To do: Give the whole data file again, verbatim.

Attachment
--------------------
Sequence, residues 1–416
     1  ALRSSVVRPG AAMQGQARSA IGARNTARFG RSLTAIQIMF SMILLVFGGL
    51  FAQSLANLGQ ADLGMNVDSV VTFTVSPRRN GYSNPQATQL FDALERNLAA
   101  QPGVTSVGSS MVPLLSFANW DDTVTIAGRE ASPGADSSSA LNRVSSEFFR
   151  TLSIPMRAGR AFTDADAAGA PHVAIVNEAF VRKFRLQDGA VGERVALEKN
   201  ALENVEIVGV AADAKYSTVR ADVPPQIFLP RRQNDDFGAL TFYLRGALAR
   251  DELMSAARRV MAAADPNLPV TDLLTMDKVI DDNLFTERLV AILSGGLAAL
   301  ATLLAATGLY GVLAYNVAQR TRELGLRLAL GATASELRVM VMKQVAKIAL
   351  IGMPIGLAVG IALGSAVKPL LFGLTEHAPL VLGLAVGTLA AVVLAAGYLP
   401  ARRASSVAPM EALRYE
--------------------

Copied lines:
Sequence, residues 1–416
     1  ALRSSVVRPG AAMQGQARSA IGARNTARFG RSLTAIQIMF SMILLVFGGL
    51  FAQSLANLGQ ADLGMNVDSV VTFTVSPRRN GYSNPQATQL FDALERNLAA
   101  QPGVTSVGSS MVPLLSFANW DDTVTIAGRE ASPGADSSSA LNRVSSEFFR
   151  TLSIPMRAGR AFTDADAAGA PHVAIVNEAF VRKFRLQDGA VGERVALEKN
   201  ALENVEIVGV AADAKYSTVR ADVPPQIFLP RRQNDDFGAL TFYLRGALAR
   251  DELMSAARRV MAAADPNLPV TDLLTMDKVI DDNLFTERLV AILSGGLAAL
   301  ATLLAATGLY GVLAYNVAQR TRELGLRLAL GATASELRVM VMKQVAKIAL
   351  IGMPIGLAVG IALGSAVKPL LFGLTEHAPL VLGLAVGTLA AVVLAAGYLP
   401  ARRASSVAPM EALRYE